Community provides presents for needy

Published 9:26 am Friday, December 23, 2011

Large black garbage bags filled with Christmas presents for kids lined the hallways of Columbiana United Methodist Church last week. The presents were picked up last Saturday. The annual project was started by the late Skillet Bird. (Reporter photo/Brad Gaskins)

By BRAD GASKINS / Staff Writer

COLUMBIANA – Some parents can’t afford to buy Christmas presents for their kids this holiday season.

To help those parents provide presents for their kids, the members of Columbiana United Methodist Church have been working nearly year round collecting money.

The year-round efforts came to a head Dec. 17, when church members delivered the presents to the parents to give to their children.

The annual event began years ago when the late Skillet Bird, then a member at the church, started the event.

“The vision was to make sure that the children in the community who are needy have a good Christmas,” said Holli J. Argo, a member at CUMC who helps organize the annual collection drive.

While church members head the project, Argo emphasized that’s it a community-wide project throughout Shelby, Wilsonville and Columbiana.

When Byrd passed away, his Sunday school class, composed mostly of those in there 70s and 80s, kept the legacy alive by continuing the project.

This year, the project will provide gifts for about 150 kids.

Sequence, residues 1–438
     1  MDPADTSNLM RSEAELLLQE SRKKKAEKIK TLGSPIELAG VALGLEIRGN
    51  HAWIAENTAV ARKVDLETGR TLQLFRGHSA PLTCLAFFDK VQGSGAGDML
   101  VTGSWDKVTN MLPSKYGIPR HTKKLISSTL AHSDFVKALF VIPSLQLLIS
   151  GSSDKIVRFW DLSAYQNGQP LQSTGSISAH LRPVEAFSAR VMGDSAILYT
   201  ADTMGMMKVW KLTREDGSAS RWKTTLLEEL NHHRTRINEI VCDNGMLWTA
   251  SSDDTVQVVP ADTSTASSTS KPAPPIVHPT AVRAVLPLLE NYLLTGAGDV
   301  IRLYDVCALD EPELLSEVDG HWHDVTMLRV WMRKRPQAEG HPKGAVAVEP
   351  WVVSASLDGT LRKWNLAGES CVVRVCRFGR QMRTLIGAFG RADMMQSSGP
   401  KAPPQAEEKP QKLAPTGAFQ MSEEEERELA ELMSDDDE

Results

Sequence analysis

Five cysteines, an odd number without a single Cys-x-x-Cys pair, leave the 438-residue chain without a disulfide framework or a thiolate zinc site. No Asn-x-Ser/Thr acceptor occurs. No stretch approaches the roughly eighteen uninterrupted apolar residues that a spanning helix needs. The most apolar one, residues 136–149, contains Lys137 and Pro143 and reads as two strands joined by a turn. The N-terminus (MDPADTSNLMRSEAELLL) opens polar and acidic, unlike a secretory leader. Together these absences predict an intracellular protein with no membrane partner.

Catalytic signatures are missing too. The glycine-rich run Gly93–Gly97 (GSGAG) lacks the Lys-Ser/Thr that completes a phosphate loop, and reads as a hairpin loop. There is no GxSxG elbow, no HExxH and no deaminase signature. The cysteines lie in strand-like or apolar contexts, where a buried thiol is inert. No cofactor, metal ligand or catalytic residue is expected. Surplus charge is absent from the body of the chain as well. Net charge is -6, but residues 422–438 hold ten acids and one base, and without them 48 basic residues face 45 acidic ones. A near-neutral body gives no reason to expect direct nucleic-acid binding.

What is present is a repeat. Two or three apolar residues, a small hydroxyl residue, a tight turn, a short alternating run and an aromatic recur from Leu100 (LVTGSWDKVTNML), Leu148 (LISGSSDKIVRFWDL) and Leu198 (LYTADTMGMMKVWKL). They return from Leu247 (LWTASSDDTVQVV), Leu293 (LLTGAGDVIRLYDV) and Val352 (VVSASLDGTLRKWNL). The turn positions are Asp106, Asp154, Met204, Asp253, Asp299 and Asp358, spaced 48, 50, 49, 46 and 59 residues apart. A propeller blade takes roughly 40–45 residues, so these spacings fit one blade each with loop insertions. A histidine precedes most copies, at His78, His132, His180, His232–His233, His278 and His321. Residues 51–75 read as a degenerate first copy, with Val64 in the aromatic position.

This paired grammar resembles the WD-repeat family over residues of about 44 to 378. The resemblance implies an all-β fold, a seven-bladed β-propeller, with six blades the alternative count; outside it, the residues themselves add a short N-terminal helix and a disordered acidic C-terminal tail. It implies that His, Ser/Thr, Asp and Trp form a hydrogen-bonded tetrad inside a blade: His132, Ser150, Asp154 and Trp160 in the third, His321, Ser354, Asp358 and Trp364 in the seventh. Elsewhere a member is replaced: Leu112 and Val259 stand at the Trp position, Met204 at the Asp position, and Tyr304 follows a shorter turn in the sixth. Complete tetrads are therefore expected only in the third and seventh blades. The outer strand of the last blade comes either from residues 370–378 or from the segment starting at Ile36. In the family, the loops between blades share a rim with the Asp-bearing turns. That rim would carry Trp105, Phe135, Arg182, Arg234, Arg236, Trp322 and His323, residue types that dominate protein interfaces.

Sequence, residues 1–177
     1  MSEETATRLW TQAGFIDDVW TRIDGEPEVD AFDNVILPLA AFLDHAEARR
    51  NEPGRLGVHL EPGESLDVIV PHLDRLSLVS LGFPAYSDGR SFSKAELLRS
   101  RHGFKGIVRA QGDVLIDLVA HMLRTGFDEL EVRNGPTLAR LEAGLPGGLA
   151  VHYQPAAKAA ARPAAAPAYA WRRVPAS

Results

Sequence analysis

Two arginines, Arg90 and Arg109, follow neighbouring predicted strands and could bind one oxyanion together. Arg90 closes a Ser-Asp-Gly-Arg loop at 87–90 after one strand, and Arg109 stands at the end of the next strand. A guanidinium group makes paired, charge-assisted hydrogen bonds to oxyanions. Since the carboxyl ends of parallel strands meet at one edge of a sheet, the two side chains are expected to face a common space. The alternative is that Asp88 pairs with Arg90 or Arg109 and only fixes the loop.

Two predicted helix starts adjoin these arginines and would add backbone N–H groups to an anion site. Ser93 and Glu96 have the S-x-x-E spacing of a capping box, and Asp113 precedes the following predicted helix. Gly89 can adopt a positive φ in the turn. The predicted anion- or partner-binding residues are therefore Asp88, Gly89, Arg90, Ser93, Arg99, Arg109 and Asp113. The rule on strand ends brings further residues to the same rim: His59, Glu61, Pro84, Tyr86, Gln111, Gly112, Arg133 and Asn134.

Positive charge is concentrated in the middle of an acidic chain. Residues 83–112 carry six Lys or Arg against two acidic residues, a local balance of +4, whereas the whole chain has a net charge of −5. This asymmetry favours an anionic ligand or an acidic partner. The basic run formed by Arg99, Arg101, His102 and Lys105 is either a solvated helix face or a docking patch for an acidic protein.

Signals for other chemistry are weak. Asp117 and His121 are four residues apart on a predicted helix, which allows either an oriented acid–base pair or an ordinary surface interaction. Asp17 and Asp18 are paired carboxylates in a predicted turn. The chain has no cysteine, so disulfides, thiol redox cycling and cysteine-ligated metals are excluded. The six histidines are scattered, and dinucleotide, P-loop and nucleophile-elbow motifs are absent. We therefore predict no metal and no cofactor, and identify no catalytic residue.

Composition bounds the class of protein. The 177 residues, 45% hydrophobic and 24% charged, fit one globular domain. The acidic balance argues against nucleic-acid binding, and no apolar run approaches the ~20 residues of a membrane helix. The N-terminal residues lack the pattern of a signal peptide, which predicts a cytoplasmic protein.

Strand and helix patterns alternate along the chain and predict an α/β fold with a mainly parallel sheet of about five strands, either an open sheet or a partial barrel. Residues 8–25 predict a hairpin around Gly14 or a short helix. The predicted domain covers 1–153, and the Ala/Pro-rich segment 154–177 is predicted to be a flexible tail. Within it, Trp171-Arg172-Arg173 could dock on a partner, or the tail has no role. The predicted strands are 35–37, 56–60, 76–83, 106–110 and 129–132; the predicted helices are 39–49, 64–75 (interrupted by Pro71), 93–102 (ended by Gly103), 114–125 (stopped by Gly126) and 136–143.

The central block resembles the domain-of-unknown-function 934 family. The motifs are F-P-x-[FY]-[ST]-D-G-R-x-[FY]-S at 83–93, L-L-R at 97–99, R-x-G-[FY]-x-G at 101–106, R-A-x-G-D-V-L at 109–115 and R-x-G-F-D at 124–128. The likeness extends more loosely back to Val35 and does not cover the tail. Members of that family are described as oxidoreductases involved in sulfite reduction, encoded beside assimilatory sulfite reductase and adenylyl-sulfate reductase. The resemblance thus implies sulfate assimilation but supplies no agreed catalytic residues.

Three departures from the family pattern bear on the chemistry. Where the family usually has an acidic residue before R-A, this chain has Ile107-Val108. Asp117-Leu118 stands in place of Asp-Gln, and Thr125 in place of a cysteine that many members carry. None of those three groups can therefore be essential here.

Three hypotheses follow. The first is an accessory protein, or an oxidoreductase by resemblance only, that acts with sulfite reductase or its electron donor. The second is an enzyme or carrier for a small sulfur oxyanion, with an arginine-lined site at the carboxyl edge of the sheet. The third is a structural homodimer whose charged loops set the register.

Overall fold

Throughout the year, Argo said, church members collect money throughout the communities, with collection jars at schools and area businesses.

The money was collected and used to buy debit gift cards from First United Security Bank. The bank donated the usual debit fee on the cards. Church members then take the cards, along with the kids’ Christmas list – and clothes sizes, shoe sizes, etc. – to stores throughout the county.

Once the gifts are collected, they are placed into large black garbage backs and distributed to those who need them.

Argo said the church puts them in the bags, instead of wrapping them, so that parents can give the gifts to their children, as though the parents were the ones who purchased them.

“It’s a neat process,” Argo said.

Argo credited Luther Fowler’s Sunday school class for heading up the project.

“For years, they are the ones who have gone around town to the businesses and gotten people involved,” Argo said.

While it is a church project, and church members are heavily involved, Argo emphasized that the community has been a co-partner in the project throughout the years.

“We all work together to make sure everybody is getting the service that is needed,” she said. “It really is a community project in that way.”